Treatment for Atopy
When we remember that there are various known causes for Atopy, we will work with your pet’s particular case in coming up with the most practical treatment plan. Remember, by removing a primary allergy like flea allergy dermatitis, often the Atopy symptoms are reduced to mild irritation, and sometimes symptoms disappear.
Some other options that can be explored include:
Avoidance:The ideal way to treat an allergy is to not let your pet be exposed to that allergen any more. Unfortunately, this is rarely possible. For example, pollens are air-borne, so a dog may react to pollens from a plant that isn't even found in your yard. However, if the allergen can be identified, it may be possible to limit exposure, and this can dramatically reduce the problem.
Shampoos: The aim of this is to remove allergens from the skin (before they can be absorbed), moisturise and soothe the skin. The ideal is a gentle hypoallergenic shampoo. Sometimes moisturisers may be used alongside special shampoos to help.
Corticosteroids such as prednisolone tablets, are anti-inflammatory medications. They will block the allergic reaction, and reduce scratching. They are commonly used and very effective. There is a possibility of side-effects like increased thirst and appetite (leading to weight gain). More serious side-effects are uncommon, but can occur with long-term use. We will work with your particular case in relation to your pet’s specific needs. Creams and Lotions containing steroids may be a good alternative to tablets, but, again, we will work specifically to your pet’s needs on an individual level.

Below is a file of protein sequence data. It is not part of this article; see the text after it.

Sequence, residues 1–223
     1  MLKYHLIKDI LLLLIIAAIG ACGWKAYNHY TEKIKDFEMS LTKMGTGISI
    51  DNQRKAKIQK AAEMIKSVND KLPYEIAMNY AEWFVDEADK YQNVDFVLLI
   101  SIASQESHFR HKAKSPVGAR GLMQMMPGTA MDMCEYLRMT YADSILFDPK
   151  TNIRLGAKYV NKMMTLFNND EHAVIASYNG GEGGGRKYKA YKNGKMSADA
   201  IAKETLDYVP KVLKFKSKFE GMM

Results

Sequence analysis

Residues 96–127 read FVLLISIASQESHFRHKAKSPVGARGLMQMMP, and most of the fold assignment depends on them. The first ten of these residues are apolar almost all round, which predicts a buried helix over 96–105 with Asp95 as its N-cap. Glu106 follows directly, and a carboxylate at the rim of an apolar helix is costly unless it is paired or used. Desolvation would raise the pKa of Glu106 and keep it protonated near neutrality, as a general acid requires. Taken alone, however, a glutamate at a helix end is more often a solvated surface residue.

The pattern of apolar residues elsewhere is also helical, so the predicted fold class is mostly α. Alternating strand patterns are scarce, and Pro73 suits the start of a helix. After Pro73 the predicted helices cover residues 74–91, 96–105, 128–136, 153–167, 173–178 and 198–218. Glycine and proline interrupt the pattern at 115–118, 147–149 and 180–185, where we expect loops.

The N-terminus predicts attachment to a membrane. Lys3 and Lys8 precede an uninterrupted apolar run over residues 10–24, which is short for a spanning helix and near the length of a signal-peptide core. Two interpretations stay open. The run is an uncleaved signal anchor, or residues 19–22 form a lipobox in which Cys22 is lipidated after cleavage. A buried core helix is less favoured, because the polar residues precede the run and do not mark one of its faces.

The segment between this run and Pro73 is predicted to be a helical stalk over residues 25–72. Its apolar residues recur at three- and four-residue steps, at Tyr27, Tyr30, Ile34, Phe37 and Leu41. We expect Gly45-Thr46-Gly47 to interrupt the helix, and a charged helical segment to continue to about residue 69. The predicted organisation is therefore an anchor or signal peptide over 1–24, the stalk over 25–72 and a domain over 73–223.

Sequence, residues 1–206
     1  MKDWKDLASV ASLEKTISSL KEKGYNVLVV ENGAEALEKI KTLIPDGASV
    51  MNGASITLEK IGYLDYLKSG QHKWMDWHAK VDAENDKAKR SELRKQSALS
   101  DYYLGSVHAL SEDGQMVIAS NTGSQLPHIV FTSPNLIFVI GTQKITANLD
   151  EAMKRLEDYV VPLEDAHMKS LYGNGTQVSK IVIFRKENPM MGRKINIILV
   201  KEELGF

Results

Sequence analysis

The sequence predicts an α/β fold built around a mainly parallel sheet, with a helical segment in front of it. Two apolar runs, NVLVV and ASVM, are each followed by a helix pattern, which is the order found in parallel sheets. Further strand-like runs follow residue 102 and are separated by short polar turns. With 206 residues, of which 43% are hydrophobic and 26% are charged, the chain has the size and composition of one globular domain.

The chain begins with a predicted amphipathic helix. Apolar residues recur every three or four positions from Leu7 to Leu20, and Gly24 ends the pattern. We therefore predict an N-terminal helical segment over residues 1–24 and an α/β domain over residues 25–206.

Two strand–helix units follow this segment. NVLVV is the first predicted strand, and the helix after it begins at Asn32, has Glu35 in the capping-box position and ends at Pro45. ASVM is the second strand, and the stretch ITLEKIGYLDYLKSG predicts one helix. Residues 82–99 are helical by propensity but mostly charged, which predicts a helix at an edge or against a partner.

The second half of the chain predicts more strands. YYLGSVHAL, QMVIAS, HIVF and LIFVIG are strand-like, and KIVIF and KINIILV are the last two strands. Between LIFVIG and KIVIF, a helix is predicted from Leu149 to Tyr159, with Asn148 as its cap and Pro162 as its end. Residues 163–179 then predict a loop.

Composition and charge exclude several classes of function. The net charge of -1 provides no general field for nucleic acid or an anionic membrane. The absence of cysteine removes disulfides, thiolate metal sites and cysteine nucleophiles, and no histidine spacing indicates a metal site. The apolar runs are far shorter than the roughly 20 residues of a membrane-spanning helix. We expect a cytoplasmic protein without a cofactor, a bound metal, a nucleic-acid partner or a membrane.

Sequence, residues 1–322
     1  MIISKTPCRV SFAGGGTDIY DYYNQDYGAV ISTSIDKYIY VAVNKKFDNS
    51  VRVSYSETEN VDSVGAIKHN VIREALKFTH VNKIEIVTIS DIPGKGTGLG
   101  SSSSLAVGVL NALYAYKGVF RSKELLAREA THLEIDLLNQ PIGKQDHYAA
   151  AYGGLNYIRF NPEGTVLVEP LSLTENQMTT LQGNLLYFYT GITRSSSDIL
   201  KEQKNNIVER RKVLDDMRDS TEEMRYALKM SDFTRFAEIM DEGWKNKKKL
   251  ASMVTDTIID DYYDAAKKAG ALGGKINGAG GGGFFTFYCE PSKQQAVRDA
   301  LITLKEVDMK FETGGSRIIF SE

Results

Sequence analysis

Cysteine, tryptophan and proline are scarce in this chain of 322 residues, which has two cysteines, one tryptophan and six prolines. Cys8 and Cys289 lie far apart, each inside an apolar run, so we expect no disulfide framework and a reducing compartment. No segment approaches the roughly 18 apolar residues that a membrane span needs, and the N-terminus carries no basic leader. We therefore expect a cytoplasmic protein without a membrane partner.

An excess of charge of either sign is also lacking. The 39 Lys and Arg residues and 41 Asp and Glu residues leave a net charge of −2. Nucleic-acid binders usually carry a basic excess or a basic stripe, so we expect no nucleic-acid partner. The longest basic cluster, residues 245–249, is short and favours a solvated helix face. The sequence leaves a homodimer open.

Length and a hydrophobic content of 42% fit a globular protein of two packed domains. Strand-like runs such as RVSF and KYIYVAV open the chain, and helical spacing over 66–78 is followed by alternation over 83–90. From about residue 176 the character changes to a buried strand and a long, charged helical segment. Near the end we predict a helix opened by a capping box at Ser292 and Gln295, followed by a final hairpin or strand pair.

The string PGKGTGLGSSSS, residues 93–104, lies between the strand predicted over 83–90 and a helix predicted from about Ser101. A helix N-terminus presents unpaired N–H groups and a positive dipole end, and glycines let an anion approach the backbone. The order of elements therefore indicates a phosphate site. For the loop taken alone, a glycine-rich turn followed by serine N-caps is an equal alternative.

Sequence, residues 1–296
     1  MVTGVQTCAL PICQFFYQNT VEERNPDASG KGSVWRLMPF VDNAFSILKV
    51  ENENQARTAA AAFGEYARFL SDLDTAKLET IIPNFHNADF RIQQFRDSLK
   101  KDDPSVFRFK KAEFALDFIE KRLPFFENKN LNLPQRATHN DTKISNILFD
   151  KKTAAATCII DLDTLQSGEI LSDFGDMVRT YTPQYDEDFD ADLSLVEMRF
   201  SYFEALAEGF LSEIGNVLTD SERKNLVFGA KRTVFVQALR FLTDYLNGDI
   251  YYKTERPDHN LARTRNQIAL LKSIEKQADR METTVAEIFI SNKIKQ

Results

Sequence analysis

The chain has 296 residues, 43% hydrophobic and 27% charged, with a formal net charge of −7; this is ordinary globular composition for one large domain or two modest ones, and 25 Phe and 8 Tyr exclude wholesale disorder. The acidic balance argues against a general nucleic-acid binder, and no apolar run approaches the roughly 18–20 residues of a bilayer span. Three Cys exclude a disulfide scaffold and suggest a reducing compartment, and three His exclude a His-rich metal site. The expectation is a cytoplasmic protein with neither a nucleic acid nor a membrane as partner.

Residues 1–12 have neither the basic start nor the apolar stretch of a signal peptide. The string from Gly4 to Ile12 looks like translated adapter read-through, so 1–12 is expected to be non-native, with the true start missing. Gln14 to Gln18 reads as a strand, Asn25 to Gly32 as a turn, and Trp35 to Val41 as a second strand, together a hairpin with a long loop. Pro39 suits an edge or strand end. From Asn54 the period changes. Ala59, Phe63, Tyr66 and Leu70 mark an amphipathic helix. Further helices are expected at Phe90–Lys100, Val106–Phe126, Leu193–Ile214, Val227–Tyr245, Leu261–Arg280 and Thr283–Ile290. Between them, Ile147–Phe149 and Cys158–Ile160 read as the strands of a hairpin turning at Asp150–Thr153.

Antihistamines: May be useful when combined with other treatments. They may improve the response to corticosteroids and/or reduce the amount that has to be given. The response to antihistamines is very individual. Again, our aim is to find out what works best in your pet. Antihistamines are very safe, and the older ones generally work better than the newer, more expensive ones. They sometimes cause temporary drowsiness, but this will resolve with adjustments to the dose if required. We can give you all the information you need to keep you informed when using antihistamines.
Dietary Fatty acid supplements are recommended for all cases of Atopy. Although they do not often stop the scratching if used alone, they can lead to significant improvement when used in combination with other treatments. They can also make the coat look much better. Omega 3 and Omega 6 fatty acids in appropriate proportions are the most important. Commercial diets rich in fatty acids may be an option.
Immunotherapy (also called desensitisation or hyposensitisation) is the ideal treatment for non-seasonal Atopy. Intradermal skin testing to determine exactly what your pet is allergic to. In time, this can cause the immune system to become less reactive to the allergen(s). Immunotherapy has good results in 60-70% of cases.
Antibiotics are important to treat secondary infections, which can tend to recur.
Chronic Allergy can establish Yeast Dermatitis. Controlling this alone in some long term cases provided relief from >90% of symptoms.
Flea Control is also important for all dogs with atopy. Many atopic dogs are also allergic to flea bites.
The treatment of any other complicating diseases is also important. This may include things like food allergy and ear infections.
Atopy is not a terminal condition but it can make your pet quite uncomfortable. So, please, contact us if you find your pet scratching, rubbing or biting themselves more often than usual. We are here to help you to work towards your pet living happy, healthy and comfortable lives.